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Chemicals play role in higher rates of obesity

By Dr. Christopher Magryta
For the Salisbury Post
Obesogens.
What are they?
By definition they are: chemical compounds foreign to the body that are believed to disrupt normal development or homeostasis of metabolism of fats, ultimately resulting in obesity. In other words, theyíre chemicals that shift the energy balance toward a weight gain and storage pattern. The chemicals cause your body to store more fat and make you less healthy.
No longer is obesity just a system of too many calories in and not enough energy used. Studies have shown us over the last 30 years that the obesity epidemic is outpacing what would be expected based on the theory of calories in versus calories out. Something else has changed recently.
Hormones that control hunger, glucose levels, baseline metabolic rate and the function of fat cells regulate the production of fat. Researcher Kirsti Spaulding states ó I paraphrase ó obesity is the result of a prolonged disturbance in the regulation of energy use that favors fat storage and fat cell hypertrophy. Obese people also have more fat cells.
A scary finding is that our fat cell number is largely set by early adulthood. These cells can shrink and grow, but generally do not disappear. Therefore, it benefits us to avoid developing too many of them in the first place.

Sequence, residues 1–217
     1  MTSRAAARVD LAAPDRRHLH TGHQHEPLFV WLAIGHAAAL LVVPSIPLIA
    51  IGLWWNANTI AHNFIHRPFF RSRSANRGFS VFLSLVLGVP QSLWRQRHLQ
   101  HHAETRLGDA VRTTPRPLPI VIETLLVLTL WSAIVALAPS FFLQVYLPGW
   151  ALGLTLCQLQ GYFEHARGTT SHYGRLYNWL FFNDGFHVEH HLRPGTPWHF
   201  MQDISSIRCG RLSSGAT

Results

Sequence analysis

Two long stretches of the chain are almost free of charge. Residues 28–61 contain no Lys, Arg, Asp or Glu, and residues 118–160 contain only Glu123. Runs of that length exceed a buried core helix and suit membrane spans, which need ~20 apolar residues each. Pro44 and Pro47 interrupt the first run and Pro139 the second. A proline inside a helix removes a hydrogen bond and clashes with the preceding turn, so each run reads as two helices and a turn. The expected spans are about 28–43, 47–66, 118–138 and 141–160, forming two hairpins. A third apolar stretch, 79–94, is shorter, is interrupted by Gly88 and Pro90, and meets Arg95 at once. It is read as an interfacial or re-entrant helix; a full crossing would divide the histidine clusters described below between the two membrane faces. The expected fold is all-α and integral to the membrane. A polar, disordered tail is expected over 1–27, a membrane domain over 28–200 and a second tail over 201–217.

Epidemiologically, the more fat cells you have, the more likely you are to develop cancer, diabetes mellitus, high blood pressure and so on. hese are all diseases of the Western world that are highly associated with poor nutrition, namely, highly saturated (animal) fat, refined sugar, flour type foods, as well as chemicals that are not proven to be safe.
There is now sufficient evidence to pin part of this problem on plastic chemicals, drugs and persistent organic pollutants. The body sees these chemicals as metabolic agents that signal receptors on cells to change. For example, a receptor, PPAR, can be turned on by the anti-diabetic drug rosiglitazone, which then tells fat cells to change and multiply. A drug to treat diabetes worsens obesity, ironically.
Bisphenol A (BPA) and other chemicals are xenoestrogens, foreign substances that the body sees as a hormone. These chemicals are not natural and are everywhere in our environment. They are found in plastics, canned foods, electronics, paints and more. Google BPA and see what comes up! Infant formula has increased concentrations according to testing performed by the environmental working group. These chemicals turn on genes that regulate fat differentiation and also increase glucose uptake. The end result is increased weight and disease.
Humans are most susceptible to chemicals when cells are rapidly developing. This occurs primarily during pregnancy, until age 2 and also during adolescence.
I often worry about the perfect storm of pregnancy: A child being developed by a mother who consumes fast food, is exposed to lots of chemicals, takes diabetic and antacid drugs because of a bad diet, delivers by caesarian section and then uses formula to nourish the child. All of these events have evidence to support their avoidance where possible. I try to counsel all parents about the importance of proper nutrition and chemical avoidance all throughout life, but especially at these critical times of rapid growth.